For example:  you can’t ground your club in a hazard.  I believe I’ve witnessed four or five instances where someone tripped in a sand trap or inside the red stakes and used his wedge to catch himself — PENALTY.  And also, in EVERY case, the golfer called it on himself.

Screen Shot 2013-04-14 at 11.10.43 AM

Even Goldfinger abides by the strict rules of golf.

Bobby Jones called a penalty on himself when the ball moved at address in the 1925 US Open.  No one saw it, only he did.  He deflected praise for action saying, “You might as well praise a man for not robbing a bank.”

We’ve seen players call penalties on themselves for nicking off a twig on a practice swing.  We saw Craig Stadler improve his lie by putting a towel under his knees for a tough shot.  Roberto De Vincenzo signed a scorecard that incorrectly gave him an additional stroke and kept him out of the 68 Masters playoff.  There are countless incidents where the strict rules of golf are enforced.

Are these ridiculous rules?

Really not the point.

They are the rules.  The governing body of golf, the Royal and Ancient, have maintained the rules of golf since 1745.

You don’t like em, go play tennis.  I mean… damn.  “Play the ball where it lies.”  It’s been this way for almost 300 years.  What is there not to understand here?

The missing component to the rules debate:  honor.

Quick anecdote:  My old club (Vesper CC, Lowell) participates in an annual ‘Cities Tourney’ against other clubs in town.  Members hold a qualifying tourney; field of 50, top 10 make the Cities team.  It’s a big deal.

There was a guy who bogeyed the first hole, and went ahead and teed off from 2 before the rest of the group cleared the 1st green.  (breach of protocol there, to be sure.)  he hit the tee shot that no one saw from the whites, not the blues.  he called the two shot penalty on himself and missed the team by a shot.

The moral of the story:  No one remembers who was on that year’s Cities team.  Twenty years later, everyone remembers [redacted] as a man of the highest integrity.

Golf is a gentleman’s game.  

To some, this is a quaint and archaic notion.

To the rest of us, it’s the single most important facet of the game.  We all know that executing a high draw on a drive demonstrates skill.  You got a knock-down 7-iron that you can hit into the wind?  Awesome.  But the most important trait you can bring to your game, the primary way you will be remembered by your playing partners:  are you a gentleman?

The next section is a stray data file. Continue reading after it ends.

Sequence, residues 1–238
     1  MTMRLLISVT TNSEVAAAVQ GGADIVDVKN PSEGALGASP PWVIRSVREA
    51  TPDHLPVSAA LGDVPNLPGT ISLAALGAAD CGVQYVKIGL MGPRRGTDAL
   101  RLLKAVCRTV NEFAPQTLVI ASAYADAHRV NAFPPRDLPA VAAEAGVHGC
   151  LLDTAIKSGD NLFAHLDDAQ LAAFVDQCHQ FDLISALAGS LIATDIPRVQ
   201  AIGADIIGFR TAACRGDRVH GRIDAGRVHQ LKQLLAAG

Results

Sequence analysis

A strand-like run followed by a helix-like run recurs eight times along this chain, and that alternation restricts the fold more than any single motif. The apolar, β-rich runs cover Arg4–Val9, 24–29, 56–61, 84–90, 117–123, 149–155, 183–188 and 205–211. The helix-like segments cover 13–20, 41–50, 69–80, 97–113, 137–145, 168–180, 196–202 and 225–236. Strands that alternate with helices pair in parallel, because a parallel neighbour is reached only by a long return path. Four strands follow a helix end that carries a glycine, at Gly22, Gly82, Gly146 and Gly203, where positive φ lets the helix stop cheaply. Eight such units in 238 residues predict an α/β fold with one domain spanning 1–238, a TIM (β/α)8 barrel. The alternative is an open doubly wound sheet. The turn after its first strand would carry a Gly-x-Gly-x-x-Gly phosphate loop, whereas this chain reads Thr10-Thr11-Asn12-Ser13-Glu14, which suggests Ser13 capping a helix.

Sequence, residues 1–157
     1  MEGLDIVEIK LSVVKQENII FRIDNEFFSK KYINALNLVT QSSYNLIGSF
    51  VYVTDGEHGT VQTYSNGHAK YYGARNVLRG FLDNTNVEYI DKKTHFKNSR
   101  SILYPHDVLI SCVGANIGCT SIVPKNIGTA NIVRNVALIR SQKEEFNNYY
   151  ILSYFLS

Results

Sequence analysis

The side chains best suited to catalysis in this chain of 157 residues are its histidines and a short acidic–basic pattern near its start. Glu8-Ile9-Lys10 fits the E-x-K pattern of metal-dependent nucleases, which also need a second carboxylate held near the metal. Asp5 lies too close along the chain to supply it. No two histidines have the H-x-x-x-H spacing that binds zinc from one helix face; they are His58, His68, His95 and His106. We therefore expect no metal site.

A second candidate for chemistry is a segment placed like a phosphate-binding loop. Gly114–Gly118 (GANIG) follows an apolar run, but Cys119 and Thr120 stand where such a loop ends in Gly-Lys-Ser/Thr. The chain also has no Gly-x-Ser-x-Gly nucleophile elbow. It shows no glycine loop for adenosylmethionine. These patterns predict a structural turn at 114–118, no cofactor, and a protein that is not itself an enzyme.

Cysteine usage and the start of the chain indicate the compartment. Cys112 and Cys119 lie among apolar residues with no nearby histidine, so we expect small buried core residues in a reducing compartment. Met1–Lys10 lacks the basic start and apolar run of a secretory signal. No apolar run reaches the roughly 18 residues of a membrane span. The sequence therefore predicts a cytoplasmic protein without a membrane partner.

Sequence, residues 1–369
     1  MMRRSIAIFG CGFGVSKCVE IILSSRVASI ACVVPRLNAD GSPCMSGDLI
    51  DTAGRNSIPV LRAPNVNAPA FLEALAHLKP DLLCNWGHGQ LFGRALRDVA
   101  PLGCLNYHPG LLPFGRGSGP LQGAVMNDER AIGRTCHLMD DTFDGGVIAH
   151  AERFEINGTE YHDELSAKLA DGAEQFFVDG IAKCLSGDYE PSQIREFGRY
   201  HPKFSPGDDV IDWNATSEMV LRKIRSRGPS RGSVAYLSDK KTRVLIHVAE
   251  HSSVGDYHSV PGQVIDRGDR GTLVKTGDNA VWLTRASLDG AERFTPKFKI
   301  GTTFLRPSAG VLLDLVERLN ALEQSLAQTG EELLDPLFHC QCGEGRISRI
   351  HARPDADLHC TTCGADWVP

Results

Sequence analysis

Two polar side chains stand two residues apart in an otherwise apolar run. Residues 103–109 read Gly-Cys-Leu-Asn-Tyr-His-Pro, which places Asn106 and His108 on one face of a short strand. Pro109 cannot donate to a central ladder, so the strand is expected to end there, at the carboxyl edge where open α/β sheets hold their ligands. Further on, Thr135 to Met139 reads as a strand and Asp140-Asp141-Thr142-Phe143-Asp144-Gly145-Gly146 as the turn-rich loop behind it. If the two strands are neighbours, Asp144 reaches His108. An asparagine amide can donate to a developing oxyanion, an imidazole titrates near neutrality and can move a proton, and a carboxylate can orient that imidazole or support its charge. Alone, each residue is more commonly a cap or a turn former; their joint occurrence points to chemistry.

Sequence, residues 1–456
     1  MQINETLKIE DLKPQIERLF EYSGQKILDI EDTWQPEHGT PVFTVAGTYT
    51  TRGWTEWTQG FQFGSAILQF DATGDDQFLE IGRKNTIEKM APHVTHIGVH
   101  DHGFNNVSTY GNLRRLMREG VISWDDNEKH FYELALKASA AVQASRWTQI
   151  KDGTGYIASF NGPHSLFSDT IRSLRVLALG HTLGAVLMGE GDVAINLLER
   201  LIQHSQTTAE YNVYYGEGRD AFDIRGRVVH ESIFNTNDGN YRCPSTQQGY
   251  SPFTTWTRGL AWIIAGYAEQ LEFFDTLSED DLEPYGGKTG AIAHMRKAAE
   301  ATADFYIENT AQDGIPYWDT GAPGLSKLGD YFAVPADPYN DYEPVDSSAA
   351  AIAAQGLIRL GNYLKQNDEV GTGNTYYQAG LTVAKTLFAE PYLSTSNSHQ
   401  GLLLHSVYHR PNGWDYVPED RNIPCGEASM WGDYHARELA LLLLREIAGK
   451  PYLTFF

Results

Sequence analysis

Not a fun guy to play with and…

Abiding by the rules of golf is just the ante, should be a given.  This concept extends to how you comport yourself on the course.  Have you ever played with the club-thrower?  The yeller?  The sulker?  Did you like it?  Do you remember that guy’s 20 foot birdie putt or that you never wanted to play with him again?

Golf is not about golf.

Golf is a measure of your personality.  Of your maturity.  Of your grace under pressure.  Of your class.


This brings us to Tiger.  I went back and forth with friend (and true golfer) @art_brosef Friday on this.  Tiger had air-mailed the stick on 10 by maybe ten feet and he did his, ‘Oh TIGER’ self-flagellation that we’ve seen, now, for 20 years.  I mean we let it go in his teens, his 20s.  But cripes, he’s a 37-year-old grown man now.  STOP ACTING LIKE A CHILD.  It’s unpleasant to play with such a person.  Such a person is demonstrating a consuming self-absorption and in so doing a disregard for his playing partners.

… it’s gone on long enough. 37 years old.

Tiger has had this problem brought to his attention before; Tiger has said he would fix it.  He hasn’t.  As he gets older, it becomes more notably childish.  In fact, my immediate reaction to Tiger’s flagpole shot was that the golf gods are tending to this recurring self-moderation problem.

People who don’t play golf simply don’t understand that golfers who display such behavior on the course are known by another, more informal term:  asshole.

People who don’t play golf don’t understand that it’s possible to separate appreciation of a player’s skill from a frank assessment of the person’s character.  This has nothing at all to do with off-course stuff.  But yet, your on-course comportment is a view into your soul.  It’s important. People remember.

“We play the ball where it lies.”

Don’t think people remember?  Well that Cities story above lives on at Vesper to this day, twenty years later.  But for more proof let’s wrap this with Alistair Cooke’s comments about Bobby Jones in 1972.

His grace, on and off the course, made him the idol of two continents.  And that to people who didn’t know a putter from a stair-rod.  But his universal appeal was not as a golfer.  What then?  The word that comes to mind is a dying word.  Gentleman.  And I think that Jones embodied it.  And I would say it is a combination of goodness and grace.  Unwavering courtesy.  Self-deprecation.  Consideration for other people.  And THIS allied to complete supremacy in one sport is what made him a hero in Scotland and England as much as in his native Georgia.